Gilford's Andrew Caulfield graduates from GHS as one of the top players in the history of the program, dropping just three singles matches in his four-year varsity career. Jeff Lajoie. (click for larger version)
July 29, 2015GILFORD — When he was 12 years old, Andrew Caulfield took his tennis talents to the tournament circuit for the first time. Some six years later, he's graduating as one of the best players in the history of Gilford High School.
The recent GHS grad was downright dominant over the course of a brilliant four-year varsity tennis career. Since bursting onto the scene as the team's number one player as a freshman in 2012, Caulfield lost just three times as a singles player. It took all the way until his senior year to lose for the first time, as he ran the table during his freshman, sophomore and junior seasons.
Caulfield and the Eagles won three straight Division III state titles to close out his career, and the squad won 50 consecutive matches during that incredible run, capped off with the 2015 title this spring.
"I think that's pretty cool to leave high school like that," explained Caulfield. "A three-peat and 50 wins in a row. That's something that'll always be there and be remembered."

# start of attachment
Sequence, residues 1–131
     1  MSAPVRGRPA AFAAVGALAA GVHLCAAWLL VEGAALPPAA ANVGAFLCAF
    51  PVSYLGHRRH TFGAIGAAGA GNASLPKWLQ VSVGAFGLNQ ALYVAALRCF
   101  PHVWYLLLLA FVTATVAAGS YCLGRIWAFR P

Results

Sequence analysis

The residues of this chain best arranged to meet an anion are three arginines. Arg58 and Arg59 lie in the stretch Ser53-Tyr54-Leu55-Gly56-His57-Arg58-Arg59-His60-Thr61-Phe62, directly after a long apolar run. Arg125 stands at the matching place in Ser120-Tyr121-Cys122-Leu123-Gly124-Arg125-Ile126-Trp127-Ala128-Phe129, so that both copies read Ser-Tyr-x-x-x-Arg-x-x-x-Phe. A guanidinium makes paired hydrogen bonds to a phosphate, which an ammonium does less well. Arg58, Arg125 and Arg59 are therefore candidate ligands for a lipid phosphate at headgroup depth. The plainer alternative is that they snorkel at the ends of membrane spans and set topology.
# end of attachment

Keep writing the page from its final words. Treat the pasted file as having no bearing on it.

Caulfield's tennis days began as an eight year old. He took lessons with his older brother Tyler, and after a few years began competing in USTA events in the southern part of New Hampshire and into Massachusetts. He admits that success didn't come right away.
"I'd say it took a year before I was even consistently winning some matches, much less winning tournaments," he recalled.
While he was spreading his time playing sports like football, basketball, ski racing and baseball, Caulfield began to focus on tournament tennis in seventh grade. He slowly dropped the other sports, devoting more and more time to polishing his skills on the court.
Now enjoying some success on the USTA circuit, he entered the high school ranks as a promising newcomer in 2012. Gilford head coach Terry Wilson was certainly excited about his arrival.
"Andrew is probably the best freshman I've ever had as a first-year player," admitted Wilson back before the 2012 season. "He's looked very, very sharp so far and I expect him to be one of the keys for us this year."
That would be an understatement. Caulfield immediately slid into the top singles spot, and he responded by not dropping a single match all year. The Eagles reached the semifinals before falling to Profile.
"I knew I would win my matches but I was kind of nervous to see how (my opponents) would take it... losing to a freshman," he admitted. "Especially some bigger kids from other towns. My freshman year there were some insults thrown out. I just ignored them because I didn't want to start anything. But I was excited to do move right in and play number one as a freshman. I was looking forward to the challenge and showing what I could do."
After winning back-to-back titles in 2010 and 2011, the Eagles graduated a huge senior class before Caulfield's freshman year. Still, the run to the semifinals was a promising step towards what would ultimately become a three-peat.